Monday, March 5, 2012

Christian Wiman

Christian Wiman, editor of  Poetry magazine since 2003, was recently interviewed by Bill Moyers about his journey with cancer, falling in love and finding faith in the midst of death. Wiman was diagnosed with Waldenstrom's macroglobulinemia 6 years ago.  He's recently undergone a bone marrow transplant and tells Moyers he's in the "wait and see" phase.

As only a poet can do, Wiman's experience of being in danger of dying has allowed him to capture sentiments many of our dying patients may identify with.  His latest book of poems, "Every Riven Thing" (Farrar, Straus and Giroux, 2010) captures these moments so artistically that it's easy to resonate with each word.

In the interview with Moyers found here, Wiman reads a poem he wrote while in the hospital. It was right before chemotherapy started, and written in just one day.

It begins,  "Love's last urgency/ is earth and grief is all/ gravity and the long fall/ always back to earliest/ hours that exist/ nowhere but in one's brain."

The poem later ends with "mystery mastering fear,/ so young, standing unstung/ under what survives of sky./ I learned too late how to live./ Child, teach me how to die."

Wiman goes on to talk about the opening line of the poem saying, "I think there's a notion that  when you're sick, when you're in danger of dying, that you want to get beyond. You know, you would think you want experience that takes you beyond earth. You want some since of an afterlife or ...beyond. But My experience has been the opposite, that when you feel threatened, what, in fact, you want is the earth. You want concreteness.That's what rescues you."

How profound. I also identified with the concept of going back to "earliest hours that exist", don't we experience this in palliative care? We often counsel families to not be alarmed when hearing a strange story from a loved one. It actually may be a memory that existed, "nowhere but in one's brain."

Besides being confronted with mortality, Wiman has also experienced excruciating pain throughout his disease process and treatment. He said that this even more than the idea of death has impacted him.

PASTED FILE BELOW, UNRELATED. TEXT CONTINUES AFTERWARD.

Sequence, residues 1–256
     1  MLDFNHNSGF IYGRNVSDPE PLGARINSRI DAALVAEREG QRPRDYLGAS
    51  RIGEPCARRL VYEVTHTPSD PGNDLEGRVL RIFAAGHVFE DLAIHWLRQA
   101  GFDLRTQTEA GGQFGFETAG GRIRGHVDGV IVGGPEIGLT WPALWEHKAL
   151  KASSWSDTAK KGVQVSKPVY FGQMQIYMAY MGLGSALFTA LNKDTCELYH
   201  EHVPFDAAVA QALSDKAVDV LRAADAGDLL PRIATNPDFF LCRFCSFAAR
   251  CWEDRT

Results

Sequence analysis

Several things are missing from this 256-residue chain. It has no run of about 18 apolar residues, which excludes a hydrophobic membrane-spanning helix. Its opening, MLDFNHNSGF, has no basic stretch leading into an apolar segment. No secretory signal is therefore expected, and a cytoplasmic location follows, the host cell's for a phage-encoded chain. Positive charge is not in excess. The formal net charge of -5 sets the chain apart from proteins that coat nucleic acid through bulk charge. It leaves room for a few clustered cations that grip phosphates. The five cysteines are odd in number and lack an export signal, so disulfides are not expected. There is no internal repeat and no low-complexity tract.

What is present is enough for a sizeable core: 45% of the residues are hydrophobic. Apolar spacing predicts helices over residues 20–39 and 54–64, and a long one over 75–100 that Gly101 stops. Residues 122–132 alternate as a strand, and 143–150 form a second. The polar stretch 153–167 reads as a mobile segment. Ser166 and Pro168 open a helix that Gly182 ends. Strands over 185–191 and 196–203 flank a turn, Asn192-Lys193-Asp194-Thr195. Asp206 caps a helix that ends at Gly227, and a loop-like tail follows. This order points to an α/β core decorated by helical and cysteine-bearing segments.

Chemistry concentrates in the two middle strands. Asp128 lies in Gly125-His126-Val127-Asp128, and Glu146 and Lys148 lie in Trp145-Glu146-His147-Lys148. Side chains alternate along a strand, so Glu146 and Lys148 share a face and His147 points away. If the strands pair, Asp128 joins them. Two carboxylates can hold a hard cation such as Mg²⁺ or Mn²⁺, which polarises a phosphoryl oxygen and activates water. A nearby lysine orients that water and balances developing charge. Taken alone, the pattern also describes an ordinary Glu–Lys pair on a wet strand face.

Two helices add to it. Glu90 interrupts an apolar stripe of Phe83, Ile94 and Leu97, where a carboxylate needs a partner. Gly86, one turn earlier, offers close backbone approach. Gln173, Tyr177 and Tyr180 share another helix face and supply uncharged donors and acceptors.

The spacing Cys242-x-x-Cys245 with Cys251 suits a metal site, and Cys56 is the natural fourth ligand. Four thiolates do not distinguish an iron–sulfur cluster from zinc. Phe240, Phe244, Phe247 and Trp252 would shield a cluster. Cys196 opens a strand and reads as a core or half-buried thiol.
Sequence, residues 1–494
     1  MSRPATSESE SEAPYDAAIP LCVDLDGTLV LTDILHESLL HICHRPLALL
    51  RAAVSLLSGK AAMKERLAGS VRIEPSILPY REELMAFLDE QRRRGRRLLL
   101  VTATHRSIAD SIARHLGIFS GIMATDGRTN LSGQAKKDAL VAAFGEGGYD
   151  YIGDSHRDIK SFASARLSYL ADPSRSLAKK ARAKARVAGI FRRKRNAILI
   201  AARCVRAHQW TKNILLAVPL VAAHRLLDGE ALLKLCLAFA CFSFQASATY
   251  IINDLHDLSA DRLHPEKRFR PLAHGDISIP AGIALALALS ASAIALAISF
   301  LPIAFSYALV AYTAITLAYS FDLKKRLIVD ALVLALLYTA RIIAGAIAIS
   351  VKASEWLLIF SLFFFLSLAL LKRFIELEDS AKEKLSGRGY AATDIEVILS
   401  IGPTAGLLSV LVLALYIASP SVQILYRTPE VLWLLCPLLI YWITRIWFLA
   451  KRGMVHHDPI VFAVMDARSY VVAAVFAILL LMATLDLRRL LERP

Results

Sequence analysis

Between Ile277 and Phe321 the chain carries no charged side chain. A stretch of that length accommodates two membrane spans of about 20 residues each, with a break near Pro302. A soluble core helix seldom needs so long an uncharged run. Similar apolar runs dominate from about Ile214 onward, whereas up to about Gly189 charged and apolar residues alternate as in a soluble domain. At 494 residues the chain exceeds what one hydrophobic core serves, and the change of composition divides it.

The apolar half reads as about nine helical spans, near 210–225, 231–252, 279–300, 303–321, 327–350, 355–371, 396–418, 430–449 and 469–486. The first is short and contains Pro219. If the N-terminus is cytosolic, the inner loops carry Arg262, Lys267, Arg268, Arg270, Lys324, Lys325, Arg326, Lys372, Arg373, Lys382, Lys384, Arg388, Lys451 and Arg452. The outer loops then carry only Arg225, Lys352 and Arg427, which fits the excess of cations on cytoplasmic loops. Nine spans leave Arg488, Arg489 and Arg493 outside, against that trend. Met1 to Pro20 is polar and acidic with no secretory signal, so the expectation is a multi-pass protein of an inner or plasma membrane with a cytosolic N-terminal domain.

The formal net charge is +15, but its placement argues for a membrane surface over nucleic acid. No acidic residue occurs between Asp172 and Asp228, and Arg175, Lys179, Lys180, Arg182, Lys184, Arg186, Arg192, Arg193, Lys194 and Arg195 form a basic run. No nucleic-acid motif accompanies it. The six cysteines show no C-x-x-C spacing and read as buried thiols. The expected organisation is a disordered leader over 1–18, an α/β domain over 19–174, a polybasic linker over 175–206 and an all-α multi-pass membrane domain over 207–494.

An essay he wrote related to pain was published in the Harvard Divinity Bulletin for Winter/Spring 2012  and Wiman read it during the interview. In the words below I am struck with his isolation but also with the final effect of desire for God in the aftermath.

"Six years have passed since I wrote the first words of these notes. I have been in and out of treatment, in and out of the hospital. I have had bones die; joints lock in my face and arms and legs so that I could not eat, could not walk; cancer pack[ed] my marrow to the point that it began to expand excruciatingly inside my bones. I ... filled my body with mouse antibodies, small molecules, chemotherapies eating into me like animate acids. I have passed through pain I could never have imagined, pain that seemed to incinerate all my thoughts of God and leave me sitting there in the ashes, alone. I have been islanded even from my wife, though her love was constant, as was mine. I have come back, for now, even hungrier for God, for Christ, for all the difficult bliss of this life I have been given. But there is great weariness too. And fear. And fury."

Thanks to Chris Okon for steering me to the interview. For those, like me, who had not read Christian Wiman's poetry or prose, this will be someone to add to your collection.

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